Across the Potomac over in Virginia this merry band was aided and abetted by Don Rumsfeld, himself only too happy to junk the Geneva Conventions like a good Prussian playing faux-macho at the cost of a few score Arabs or Afghans or whatever the brown-skins in question being killed or sodomized or having scantily clad female investigators swab ‘fake’ menstrual blood on those they interrogated, with thousands upon thousands more detainees beaten, shackled, and otherwise denied the protections of Geneva in ignominious obscurity. Around these real ‘bad apples’ (as opposed to the hapless low-level motley crew of miscreants at the midnight shift in Abu Ghraib) was the neo-conservative intelligentsia—which to this day save some noteworthy defections (Frank Fukuyama, George Will, perhaps a couple others), think all would be for right had we only not tolerated any deviationist cowardice (how dare we allow talented diplomats like Bill Burns to talk with Iran, or Chris Hill with the North Koreans, and so on), while meantime pleased as punch to see torture policy defile our good name as formerly leading avatar of international human rights around the globe.

And then did we, the fat, pop-culture addled, self-contented American mass, rush the barricades, what amidst these serial bungles, these orgies of law-breaking, these violent acts against the dignity of the Republic? In certain blogospheric circles one espied a cyber-samizdat zeitgeist of sorts, and there were other occasional dissents in places like the pages of the NYRB (or more often, the LRB across the pond, where dialogue was somewhat less policed by whatever commissars were busily monitoring ‘acceptable’ narratives to share with overly impressionable types), or even a talking head of two on MSNBC. But no, the shock of 9/11 had been too great, the insularity of our mass media mind-numbing in its naval-gazing inanities, in its coverage of pitiable non-stories amidst these titanic ones, and so now only after almost a decade has passed, and with massive economic problems helping finally spur some to action, does one so belatedly begin to feel we may have a real chance to start turning the page on this disastrous chapter in American history.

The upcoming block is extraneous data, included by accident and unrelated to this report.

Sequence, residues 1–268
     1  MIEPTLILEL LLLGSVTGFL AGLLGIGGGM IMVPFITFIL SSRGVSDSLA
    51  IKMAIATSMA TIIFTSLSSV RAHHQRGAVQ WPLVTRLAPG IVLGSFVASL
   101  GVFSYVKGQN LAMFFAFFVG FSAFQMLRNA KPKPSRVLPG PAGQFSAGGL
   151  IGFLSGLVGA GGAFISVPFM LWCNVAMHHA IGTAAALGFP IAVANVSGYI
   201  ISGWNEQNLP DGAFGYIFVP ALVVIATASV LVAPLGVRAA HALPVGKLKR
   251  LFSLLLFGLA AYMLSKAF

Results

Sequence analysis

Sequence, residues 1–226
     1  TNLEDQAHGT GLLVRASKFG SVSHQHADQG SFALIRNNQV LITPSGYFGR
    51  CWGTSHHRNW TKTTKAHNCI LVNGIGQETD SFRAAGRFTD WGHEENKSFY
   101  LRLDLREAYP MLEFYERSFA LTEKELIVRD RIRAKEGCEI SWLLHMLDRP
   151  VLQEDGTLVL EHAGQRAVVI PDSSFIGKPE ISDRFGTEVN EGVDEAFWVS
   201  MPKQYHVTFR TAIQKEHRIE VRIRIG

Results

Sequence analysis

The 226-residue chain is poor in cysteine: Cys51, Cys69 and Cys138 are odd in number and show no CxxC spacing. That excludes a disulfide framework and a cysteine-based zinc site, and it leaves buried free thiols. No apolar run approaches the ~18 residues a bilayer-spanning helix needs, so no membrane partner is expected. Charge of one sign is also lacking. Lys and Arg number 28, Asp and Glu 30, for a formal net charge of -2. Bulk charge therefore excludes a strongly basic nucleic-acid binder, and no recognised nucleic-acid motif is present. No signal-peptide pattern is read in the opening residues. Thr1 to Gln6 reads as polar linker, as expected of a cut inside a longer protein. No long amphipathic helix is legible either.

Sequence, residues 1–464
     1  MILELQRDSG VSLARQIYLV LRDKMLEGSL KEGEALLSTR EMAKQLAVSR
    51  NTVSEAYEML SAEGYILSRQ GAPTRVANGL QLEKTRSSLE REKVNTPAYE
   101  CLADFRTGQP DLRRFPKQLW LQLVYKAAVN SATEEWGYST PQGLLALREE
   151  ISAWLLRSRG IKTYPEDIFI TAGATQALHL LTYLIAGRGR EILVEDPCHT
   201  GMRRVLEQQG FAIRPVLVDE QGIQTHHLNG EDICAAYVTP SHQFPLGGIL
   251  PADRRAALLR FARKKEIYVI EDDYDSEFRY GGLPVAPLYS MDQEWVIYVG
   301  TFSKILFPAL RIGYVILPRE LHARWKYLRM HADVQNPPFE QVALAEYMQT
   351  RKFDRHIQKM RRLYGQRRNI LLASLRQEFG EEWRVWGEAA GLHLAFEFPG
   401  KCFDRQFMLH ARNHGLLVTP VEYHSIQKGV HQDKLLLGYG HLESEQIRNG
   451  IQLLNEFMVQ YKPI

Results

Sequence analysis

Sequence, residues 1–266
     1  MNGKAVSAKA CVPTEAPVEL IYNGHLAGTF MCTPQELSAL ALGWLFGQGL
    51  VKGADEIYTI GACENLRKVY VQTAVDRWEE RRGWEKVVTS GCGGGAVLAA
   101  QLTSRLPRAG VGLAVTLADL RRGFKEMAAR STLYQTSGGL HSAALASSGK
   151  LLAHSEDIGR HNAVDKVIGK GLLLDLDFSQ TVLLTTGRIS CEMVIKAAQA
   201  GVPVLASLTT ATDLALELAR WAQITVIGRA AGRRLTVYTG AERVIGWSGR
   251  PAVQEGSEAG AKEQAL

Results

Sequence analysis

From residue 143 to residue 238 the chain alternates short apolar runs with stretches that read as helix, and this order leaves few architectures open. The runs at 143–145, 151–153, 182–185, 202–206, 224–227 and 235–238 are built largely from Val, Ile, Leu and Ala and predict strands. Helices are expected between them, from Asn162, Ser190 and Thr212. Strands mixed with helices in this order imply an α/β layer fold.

So tomorrow we Americans will have a choice. And while it seems too easy to say McCain represents continuity, and Obama an opportunity at a major course correction and even something of a shot at redemption, we must reluctantly conclude this is the core essence of the matter. I say reluctantly because John McCain, after all, has had a storied life, whether his service as fighter pilot, tenacity in captivity, long Senate career of some distinction, and more. And yet none of this matters finally, as he is nevertheless the standard-bearer of today’s Republican Party, alas. And today’s Republican Party is a disgrace, a dim shadow of its former self.

Indeed, the cautiously deliberative, fiscally conservative, great internationalist party one associates with names like Dwight D. Eisenhower is simply dead. Replacing it we have a cacophony of imbecilic voices like Sean Hannity, Ann Coulter, Rush Limbaugh (ask yourself—if you were a serious politician with a smidgen of intellect—would you even entertain questions from this veritable moronic inferno, or prefer to steer clear of such cheap carnivals?). Essentially, today’s Republican party is little more than a reincarnation of the Know-Nothing party (like the one of yore, this one too particularly outraged by immigrants, illegal ones only we are led to believe, of course…), a confused morass of vindictiveness crossed with fear crossed with abject ignorance (think Joe the Plumber, the supposed Country First Everyman who rants incoherently about how Barack Obama’s victory would mean the death of Israel, perhaps the greatest inanity I’ve overheard of all among so many in the awful din of this painfully long election season).